When I read the statement “Tolerate Nothing” in Thomas Leonard’s article: The Models of the Attraction, I thought how could it be possible to tolerate nothing – no thing. To tolerate nothing seemed to be a tall order. The tolerations referred to by Thomas are those things that you are enduring, not paying attention to or allowing to sap your energy in a non-productive way.
I decided to make a list of my tolerations. I didn’t expect to have a long list. When I reached for a second sheet of paper, I thought there must be something to this tolerate nothing thing. I sorted my list into what could be handled and crossed off quickly and longer term items. For instance, I could clean out the trunk of my car in about 1/2 hour or sort a pile of correspondence in 15 minutes. I made it a priority to eliminate as many tolerations from my list as possible. It felt great when I could cross something off my list and I did this exercise nearly every day for a month.
Then I asked myself if I was tolerating anything in my business. Again, I made a list. Did I forget to mention that I am a relentless list maker? Lists help me to focus and stay on track.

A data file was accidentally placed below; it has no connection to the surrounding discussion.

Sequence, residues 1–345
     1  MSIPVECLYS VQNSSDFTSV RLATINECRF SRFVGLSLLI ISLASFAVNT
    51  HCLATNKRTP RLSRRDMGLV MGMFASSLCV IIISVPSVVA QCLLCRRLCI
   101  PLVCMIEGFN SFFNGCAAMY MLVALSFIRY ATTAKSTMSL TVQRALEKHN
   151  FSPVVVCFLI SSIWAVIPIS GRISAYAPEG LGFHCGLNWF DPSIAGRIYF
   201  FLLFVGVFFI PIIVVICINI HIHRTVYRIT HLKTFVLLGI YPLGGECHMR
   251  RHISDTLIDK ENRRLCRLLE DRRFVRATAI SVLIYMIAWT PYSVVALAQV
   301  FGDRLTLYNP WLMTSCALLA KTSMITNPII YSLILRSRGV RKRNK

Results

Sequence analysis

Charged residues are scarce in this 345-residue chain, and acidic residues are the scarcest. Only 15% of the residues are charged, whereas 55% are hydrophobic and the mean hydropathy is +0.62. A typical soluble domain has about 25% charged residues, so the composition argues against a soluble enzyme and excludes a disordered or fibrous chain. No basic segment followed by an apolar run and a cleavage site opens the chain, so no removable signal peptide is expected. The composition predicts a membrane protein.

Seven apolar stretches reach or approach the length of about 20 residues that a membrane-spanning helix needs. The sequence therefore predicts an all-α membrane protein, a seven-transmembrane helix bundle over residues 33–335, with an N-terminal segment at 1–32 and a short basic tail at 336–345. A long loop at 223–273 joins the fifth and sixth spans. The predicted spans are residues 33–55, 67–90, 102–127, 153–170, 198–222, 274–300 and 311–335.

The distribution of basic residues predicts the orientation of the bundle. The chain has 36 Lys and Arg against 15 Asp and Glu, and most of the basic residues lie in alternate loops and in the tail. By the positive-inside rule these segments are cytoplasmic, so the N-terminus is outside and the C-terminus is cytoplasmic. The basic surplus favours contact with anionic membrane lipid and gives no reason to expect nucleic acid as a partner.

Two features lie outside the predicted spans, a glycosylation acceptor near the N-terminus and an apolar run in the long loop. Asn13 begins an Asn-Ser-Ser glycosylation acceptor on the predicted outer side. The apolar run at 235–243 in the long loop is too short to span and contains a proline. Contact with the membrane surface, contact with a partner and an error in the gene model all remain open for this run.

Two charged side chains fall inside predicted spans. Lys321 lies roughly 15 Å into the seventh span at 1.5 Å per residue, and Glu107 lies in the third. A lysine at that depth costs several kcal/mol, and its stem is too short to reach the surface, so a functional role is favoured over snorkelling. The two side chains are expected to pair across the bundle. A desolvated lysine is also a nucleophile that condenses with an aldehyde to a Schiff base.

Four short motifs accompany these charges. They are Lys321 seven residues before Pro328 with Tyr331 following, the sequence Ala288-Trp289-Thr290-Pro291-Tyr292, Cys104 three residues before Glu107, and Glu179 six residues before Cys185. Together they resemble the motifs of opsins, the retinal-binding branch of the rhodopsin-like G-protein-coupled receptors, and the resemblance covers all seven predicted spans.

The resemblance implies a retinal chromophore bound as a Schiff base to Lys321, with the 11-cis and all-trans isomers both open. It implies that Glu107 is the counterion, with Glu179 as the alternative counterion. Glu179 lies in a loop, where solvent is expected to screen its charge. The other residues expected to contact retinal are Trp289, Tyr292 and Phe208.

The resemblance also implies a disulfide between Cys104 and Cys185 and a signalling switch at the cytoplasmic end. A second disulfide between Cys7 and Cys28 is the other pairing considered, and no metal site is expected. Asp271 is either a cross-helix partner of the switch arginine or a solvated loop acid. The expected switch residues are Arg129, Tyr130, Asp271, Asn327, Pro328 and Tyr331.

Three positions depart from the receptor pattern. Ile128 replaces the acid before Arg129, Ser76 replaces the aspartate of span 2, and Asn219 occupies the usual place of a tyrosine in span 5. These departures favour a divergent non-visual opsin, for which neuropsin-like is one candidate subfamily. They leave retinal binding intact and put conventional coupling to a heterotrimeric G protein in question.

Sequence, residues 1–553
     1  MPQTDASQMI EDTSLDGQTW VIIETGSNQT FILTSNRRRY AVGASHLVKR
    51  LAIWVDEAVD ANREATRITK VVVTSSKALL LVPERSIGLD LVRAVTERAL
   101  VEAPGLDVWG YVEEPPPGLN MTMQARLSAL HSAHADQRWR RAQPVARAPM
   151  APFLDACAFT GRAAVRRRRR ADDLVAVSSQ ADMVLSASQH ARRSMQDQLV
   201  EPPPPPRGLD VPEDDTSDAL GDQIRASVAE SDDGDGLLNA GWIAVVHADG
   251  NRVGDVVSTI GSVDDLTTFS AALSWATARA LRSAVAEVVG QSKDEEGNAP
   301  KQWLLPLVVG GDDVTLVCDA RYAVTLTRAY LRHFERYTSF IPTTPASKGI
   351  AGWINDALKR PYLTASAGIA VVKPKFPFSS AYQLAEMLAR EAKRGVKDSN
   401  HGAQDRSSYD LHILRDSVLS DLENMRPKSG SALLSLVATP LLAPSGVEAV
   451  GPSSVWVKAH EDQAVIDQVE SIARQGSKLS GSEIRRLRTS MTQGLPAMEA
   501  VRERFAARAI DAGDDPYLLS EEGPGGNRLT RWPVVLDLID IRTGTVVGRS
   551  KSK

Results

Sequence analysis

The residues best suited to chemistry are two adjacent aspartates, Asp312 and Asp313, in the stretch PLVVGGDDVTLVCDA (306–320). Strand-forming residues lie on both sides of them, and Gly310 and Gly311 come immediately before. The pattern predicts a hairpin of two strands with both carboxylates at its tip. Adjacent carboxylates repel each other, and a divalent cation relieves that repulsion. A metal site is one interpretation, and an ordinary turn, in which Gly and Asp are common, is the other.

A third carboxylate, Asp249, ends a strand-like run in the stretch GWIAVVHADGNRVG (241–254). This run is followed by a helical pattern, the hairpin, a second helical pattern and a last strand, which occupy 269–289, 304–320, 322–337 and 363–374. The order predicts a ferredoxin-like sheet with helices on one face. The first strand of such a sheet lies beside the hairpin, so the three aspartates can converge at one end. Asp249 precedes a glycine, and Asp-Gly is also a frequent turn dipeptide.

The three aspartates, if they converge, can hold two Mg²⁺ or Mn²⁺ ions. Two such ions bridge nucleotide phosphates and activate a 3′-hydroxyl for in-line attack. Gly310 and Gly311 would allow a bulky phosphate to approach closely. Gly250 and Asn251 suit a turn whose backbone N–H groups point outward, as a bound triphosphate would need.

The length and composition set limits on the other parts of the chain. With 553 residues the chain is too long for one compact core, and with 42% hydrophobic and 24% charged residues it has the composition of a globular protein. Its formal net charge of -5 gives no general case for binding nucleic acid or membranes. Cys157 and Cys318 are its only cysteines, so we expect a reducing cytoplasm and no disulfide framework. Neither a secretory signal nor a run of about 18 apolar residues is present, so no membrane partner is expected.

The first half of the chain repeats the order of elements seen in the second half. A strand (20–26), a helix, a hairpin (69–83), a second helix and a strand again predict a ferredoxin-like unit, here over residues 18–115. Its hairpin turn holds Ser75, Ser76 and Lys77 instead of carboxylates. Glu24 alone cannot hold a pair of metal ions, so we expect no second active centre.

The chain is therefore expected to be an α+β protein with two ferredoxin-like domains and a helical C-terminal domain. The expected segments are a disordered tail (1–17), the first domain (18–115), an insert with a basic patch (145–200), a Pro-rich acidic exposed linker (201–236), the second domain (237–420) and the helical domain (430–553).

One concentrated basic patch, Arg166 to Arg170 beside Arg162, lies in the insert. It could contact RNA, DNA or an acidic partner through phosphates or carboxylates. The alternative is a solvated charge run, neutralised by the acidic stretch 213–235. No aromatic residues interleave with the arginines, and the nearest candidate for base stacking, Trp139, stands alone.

I realized that the tolerations in my business would need the same sort of attention that I paid to the ones in my personal life. You may be asking what was on that list of tolerations? One toleration was meetings that start late because attendees don’t arrive on time. Another was last minute cancellations or rescheduling of meetings. And another toleration was the non-return of borrowed books by my clients and friends. So, how did I eliminate these tolerations?
For the late meetings: I asked the attendees if it was ok with them for meetings to start late and how they felt about late comers. The discussion was quite revealing and each attendee renewed their commitment to being present and prepared to start at the appointed time. We also agreed to start on time even if everyone was not there. Our agreement created a new respect for each other’s time and a much more professional awareness of how timeliness or the lack of it affects everyone.
For cancellation or rescheduling of meetings: I re-read my coaching agreement and tightened up the language so that a notice of 24 hours is appreciated for a change of appointment times. No notice or a no show incurs a payment for my time. The clarification of expectations has been very helpful.
For the non-return of borrowed books: I now put my name and contact information in the books that I allow people borrow and I keep a list just like a library.
Tolerations are costly. When I took inventory of the real and potential costs of my tolerations, it was not insignificant. How much are your tolerations costing you and your business?